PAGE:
What is it?
A healthy building is designed to facilitate and measure the health and wellness of its occupants. Recent studies demonstrate the negative effects of health as a result of prolonged time spent indoors. Spending long amounts of time sitting in an office is now analogous to smoking cigarettes.
Updates to the LEED rating system and the release of wellness specific rating systems mark this trend. The WELL Building Standard launched in 2014 by Delos and more recently Fitwel from the Center for Active Design, provide an enhanced set of criteria for including health into building design and operations. The LEED rating system has also includes more stringent criteria for building materials, including more rigid building product and disclosures of material ingredients.
Health is particularly important in school buildings given the connection to establishing healthy behaviors at a young age and the impact on academic achievement.
How big an Investment are healthy buildings?
Like many sustainable design features, implementing healthy features into building design has varying costs depending on the measure. More simplistic solutions, like promoting activity by exposing stairwells and making them more enticing for users, do not typically add costs to a project. Similarly, specifying materials that have lower toxicity or providing healthy food options are relatively low-cost. Several strategies such as water filtration, daylighting with access to views, and thermal control should be included as best practices in design. Strategies such as increasing ventilation come with a larger cost due to the increase in size of mechanical equipment required. Pursuing healthy building certifications have varying costs. Fitwel has a relatively low price with project registration and certification totaling a maximum of $7,000. Certification through the WELL Building standard starts at $22,500 for new and existing buildings that are 50,000 square feet or less and increases in price with building size. These costs include the certification only and do not include the cost of implementing the measures or consulting.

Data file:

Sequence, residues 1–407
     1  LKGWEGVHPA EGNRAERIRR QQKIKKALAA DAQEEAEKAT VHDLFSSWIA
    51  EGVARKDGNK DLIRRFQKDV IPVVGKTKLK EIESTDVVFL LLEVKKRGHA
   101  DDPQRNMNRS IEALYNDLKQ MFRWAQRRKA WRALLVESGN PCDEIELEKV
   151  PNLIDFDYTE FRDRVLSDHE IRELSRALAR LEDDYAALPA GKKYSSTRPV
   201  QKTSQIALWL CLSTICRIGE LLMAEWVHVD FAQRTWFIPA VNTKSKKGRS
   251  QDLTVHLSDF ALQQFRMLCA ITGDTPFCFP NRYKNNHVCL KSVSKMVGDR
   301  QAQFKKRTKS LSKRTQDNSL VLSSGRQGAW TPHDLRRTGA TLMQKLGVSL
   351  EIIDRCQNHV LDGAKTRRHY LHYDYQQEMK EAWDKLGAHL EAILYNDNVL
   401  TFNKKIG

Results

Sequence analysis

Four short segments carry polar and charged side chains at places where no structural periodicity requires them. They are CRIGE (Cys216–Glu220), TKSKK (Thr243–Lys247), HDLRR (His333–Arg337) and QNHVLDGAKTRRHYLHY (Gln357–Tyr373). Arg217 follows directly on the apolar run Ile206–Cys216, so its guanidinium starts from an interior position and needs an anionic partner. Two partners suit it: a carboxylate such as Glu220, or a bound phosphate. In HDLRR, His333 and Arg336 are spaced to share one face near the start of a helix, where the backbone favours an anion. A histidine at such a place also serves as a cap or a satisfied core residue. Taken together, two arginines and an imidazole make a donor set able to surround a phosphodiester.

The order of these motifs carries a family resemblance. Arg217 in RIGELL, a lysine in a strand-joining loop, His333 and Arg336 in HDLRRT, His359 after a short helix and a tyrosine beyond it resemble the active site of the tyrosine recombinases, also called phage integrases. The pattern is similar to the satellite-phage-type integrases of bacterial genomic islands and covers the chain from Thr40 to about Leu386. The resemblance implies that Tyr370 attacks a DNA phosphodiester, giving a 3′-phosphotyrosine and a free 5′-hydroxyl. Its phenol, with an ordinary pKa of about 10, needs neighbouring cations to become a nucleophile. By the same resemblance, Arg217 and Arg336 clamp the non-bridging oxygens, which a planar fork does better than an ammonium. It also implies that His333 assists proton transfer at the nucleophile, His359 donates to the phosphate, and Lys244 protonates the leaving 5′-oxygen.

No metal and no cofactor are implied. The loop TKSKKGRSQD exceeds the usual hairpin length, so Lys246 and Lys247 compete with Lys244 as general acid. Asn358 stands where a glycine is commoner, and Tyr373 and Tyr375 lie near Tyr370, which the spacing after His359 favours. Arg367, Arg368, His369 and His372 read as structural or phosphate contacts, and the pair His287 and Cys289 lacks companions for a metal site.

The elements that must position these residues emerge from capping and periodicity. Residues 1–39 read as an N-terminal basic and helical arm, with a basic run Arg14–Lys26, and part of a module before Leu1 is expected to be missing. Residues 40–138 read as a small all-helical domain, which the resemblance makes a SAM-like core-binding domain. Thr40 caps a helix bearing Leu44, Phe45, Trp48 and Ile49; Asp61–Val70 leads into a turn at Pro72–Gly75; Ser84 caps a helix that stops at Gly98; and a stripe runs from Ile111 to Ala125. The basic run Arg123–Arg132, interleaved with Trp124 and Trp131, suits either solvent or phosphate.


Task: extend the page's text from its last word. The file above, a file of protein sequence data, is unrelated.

What are the sustainable benefits?
Several studies have demonstrated the benefits of healthy buildings on student performance. Most recently, the Harvard T.H. Chan School of Public Health published a study called “Schools for Health: Foundations for Student Success” SchoolsforHealth. The research provides overwhelming evidence that student health, thinking, and function are improved by increased ventilation, moderate humidity levels, daylight and views to the outdoors, balanced acoustics, and reduced dusts, pests, mold, and moisture. Past research also tied healthy buildings to employee retention and reduced absenteeism, as well as increased value. By including healthy design principles in a project, we can ensure that both students and faculty function peak performance.